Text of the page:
Digital Giants Eye Magazines to Spur Growth

February 23, 2022
Digital Giants Eye Magazines to Spur Growth
It’s the golden age for journalism, just not the golden age for (print) magazines.

The U.S. consumer magazine industry shrunk by more than 20% in the past five years, due largely to print advertising declines, per PwC data. But the rate of decline is expected to slow slightly in the next five years, thanks to new efforts from online media companies to acquire and digitize traditional print brands.

Why it matters: “If you make the right acquisition in the right vertical … it can give you real scale that is meaningful and major clout in that vertical very quickly,” said Jason Webby, chief revenue officer at Future, which owns over 200 print and digital magazine titles, including The Week, Marie Claire US and Kiplinger.

Driving the news: Condé Nast last year posted its first profit in years in 2021, thanks largely to investments in digitizing and streamlining its current editorial operations, per the Wall Street Journal.

  • The company has hired about 300 product and technology staff over the last year, a spokesperson tells Axios.
  • It’s invested in new translation capabilities and personnel across 32 markets and 26 languages to help broaden the reach of its individual publications.
  • On average, 40% of any of its brands’ traffic, including Vogue and GQ, comes from outside the country where it is published.
  • A majority of its advertising revenue is now digital.

Be smart: Recent deals show how much modern media companies have become reliant on print magazine brands to grow their online empires.

  • Dotdash, the digital media company owned by Barry Diller’s publicly traded internet holding company IAC, acquired Meredith Corp.’s National Media Group for $2.7 billion last year, in large part to boost its commerce business.
  • Recurrent Ventures, a venture equity-backed digital media company, has recently relaunched three brands as digital sites only, like Mel Magazine, Popular Photography and Car Bibles, to help scale its digital ad business and grow its audience.
  • Outside, a lifestyle media company home to dozens of outdoor enthusiast brands, says it has around 500,000 digital subscribers to its membership program, in addition to 1 million print subscribers across its array of magazine titles, like Women’s Running, Backpacker and Peloton Magazine.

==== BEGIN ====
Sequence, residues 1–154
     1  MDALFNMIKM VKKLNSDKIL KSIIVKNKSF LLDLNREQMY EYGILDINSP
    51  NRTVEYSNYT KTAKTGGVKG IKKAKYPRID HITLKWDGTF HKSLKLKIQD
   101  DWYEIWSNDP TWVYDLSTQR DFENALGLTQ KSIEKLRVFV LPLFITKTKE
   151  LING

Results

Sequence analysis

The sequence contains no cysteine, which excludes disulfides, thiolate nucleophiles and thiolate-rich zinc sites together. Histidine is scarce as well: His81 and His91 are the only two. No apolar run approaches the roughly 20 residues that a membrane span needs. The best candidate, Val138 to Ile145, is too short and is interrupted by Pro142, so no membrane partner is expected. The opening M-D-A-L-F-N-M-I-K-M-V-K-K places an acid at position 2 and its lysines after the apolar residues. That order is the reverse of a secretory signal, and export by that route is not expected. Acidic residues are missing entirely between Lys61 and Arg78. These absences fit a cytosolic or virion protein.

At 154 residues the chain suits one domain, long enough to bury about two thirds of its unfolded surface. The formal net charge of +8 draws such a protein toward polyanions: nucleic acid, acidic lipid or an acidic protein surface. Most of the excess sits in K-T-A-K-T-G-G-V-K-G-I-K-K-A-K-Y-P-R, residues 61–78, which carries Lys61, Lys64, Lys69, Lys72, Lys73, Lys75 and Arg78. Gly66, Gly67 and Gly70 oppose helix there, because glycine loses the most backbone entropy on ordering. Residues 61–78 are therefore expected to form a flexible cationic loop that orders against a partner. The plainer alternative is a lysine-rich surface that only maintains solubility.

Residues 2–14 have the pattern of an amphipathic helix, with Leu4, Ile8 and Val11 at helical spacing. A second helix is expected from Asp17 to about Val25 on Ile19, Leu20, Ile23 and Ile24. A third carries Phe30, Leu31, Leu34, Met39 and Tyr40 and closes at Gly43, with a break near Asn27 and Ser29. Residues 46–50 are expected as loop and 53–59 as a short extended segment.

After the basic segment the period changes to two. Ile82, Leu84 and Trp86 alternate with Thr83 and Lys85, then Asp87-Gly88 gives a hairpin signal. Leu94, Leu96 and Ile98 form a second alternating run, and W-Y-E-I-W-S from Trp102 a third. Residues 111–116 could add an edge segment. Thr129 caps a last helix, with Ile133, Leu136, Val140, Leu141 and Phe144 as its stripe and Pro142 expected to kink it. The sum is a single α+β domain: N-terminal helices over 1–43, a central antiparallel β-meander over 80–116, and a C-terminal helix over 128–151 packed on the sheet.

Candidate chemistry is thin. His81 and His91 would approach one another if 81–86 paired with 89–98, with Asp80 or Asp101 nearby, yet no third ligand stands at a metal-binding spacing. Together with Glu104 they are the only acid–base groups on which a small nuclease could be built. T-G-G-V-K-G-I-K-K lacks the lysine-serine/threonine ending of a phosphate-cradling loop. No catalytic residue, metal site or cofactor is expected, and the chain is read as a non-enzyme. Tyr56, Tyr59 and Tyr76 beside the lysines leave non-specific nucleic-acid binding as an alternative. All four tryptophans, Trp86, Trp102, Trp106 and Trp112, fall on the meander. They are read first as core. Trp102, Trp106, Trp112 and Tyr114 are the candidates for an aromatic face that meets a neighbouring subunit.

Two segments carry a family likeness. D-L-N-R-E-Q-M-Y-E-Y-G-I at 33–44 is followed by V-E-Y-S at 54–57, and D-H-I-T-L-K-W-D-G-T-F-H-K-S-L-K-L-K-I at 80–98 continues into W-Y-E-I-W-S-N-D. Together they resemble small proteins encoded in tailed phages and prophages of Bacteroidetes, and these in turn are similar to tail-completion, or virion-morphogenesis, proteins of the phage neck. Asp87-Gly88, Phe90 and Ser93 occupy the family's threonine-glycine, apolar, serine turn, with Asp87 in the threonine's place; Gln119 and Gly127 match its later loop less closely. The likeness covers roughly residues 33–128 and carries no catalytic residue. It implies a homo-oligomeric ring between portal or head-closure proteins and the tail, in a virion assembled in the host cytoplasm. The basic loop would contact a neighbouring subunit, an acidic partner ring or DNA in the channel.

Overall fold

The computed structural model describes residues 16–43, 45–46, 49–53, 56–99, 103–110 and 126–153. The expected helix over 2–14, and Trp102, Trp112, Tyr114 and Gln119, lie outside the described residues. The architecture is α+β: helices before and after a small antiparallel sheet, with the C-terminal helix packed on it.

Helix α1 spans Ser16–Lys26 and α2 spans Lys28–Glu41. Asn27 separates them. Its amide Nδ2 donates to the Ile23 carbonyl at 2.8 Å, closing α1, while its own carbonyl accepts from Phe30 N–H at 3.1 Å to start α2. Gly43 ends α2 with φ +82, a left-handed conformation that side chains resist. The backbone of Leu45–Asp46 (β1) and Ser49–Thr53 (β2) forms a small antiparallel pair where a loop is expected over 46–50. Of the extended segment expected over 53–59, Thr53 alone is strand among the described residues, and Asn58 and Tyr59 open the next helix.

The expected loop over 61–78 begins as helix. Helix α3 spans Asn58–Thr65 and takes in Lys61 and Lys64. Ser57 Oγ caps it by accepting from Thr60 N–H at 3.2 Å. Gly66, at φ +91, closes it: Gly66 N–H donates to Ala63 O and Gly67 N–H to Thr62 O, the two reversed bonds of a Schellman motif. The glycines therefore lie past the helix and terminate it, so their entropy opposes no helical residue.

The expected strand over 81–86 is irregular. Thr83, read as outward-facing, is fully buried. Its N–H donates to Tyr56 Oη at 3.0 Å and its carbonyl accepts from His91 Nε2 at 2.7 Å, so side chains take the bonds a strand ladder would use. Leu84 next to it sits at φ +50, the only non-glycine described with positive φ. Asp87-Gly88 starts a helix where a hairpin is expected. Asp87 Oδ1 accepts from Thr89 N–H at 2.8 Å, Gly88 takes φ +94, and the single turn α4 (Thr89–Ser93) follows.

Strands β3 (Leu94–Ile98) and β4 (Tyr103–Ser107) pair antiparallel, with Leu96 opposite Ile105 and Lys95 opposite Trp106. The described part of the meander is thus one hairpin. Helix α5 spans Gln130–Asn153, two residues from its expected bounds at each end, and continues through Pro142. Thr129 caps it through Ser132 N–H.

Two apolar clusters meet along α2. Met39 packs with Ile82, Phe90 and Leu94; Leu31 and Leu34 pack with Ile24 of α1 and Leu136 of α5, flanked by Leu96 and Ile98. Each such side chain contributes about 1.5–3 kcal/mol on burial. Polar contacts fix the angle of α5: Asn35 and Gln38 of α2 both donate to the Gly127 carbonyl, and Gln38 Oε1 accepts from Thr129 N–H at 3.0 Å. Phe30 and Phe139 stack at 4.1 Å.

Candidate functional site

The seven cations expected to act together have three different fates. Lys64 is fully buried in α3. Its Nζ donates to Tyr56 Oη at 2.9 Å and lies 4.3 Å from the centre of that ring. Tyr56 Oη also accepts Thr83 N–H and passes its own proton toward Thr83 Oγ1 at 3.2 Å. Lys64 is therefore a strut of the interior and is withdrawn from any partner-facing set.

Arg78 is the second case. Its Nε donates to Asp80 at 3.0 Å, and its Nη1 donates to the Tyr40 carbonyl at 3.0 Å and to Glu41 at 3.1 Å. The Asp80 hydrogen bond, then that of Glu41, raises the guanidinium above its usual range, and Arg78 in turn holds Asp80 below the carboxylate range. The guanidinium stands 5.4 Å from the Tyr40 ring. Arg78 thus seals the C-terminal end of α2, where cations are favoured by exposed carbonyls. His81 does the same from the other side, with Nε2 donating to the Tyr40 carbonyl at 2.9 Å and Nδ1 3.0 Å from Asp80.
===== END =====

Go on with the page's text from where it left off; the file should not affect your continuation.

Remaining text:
• Future says it now drives over $1 billion in e-commerce sales annually, thanks to its consistent investments in acquiring and digitizing print brands. Most recently, it purchased Dennis Publishing for $416 million, giving it access to titles like The Week and PC Pro.

Yes, but: There’s always a balance between “honoring the legacy of these brands and finding the right means of moving them forward,” said Lance Johnson, the CEO of Recurrent. And often, that includes pain points.

  • Dotdash Meredith last month said it would cut print editions for six Meredith titles, including EatingWell, Entertainment Weekly, Health, InStyle, Parents and People en Español, eliminating roughly 200 jobs.

“While a lot of titles will die, there will be new things invented,” said former Vanity Fair editor Graydon Carter, who launched a new digital magazine brand called Air Mail in 2019.

  • “I don’t think anybody has taken an existing magazine and made a real effective digital version of that,” he said, although he acknowledged that some magazines, like National Geographic, have done a good job migrating to digital.

The big picture: Print brands are becoming more attractive targets because moving toward digital “is not as painful” as it used to be, Webby notes.

  • “Years ago, when print and digital were just first coming together … there was a really stark difference to go from a print CPM (ad rate) to digital CPM, and making up that difference was really difficult,” he said.
  • Today there is “really well established infrastructure for selling digital ads,” Webby notes. “The difference isn’t that stark anymore in ad revenue on a digital versus print page.
  • “The Internet eliminates the biggest, messiest part of the magazine production business,” Carter said.

What to watch: As more print brands go to digital, many are finding success with online subscriptions and commerce.

  • Puck, a new subscription digital media company, launched last year to bring a magazine feel to digital news.
  • “Magazines are the perfect technology. If you don’t like what you’re reading, turn the page,” Puck co-founder Jon Kelly said last week, quoting magazine magnate Jann Wenner while discussing Puck’s business model.
  • In a letter to shareholders, IAC CEO Joey Levin said last week, “We will no longer govern ongoing print decisions by whether an advertiser is willing to advertise, but by whether a reader is willing to purchase.”

Bottom line: “It’s the golden age for journalism, just not the golden age for (print) magazine distribution,” Carter said.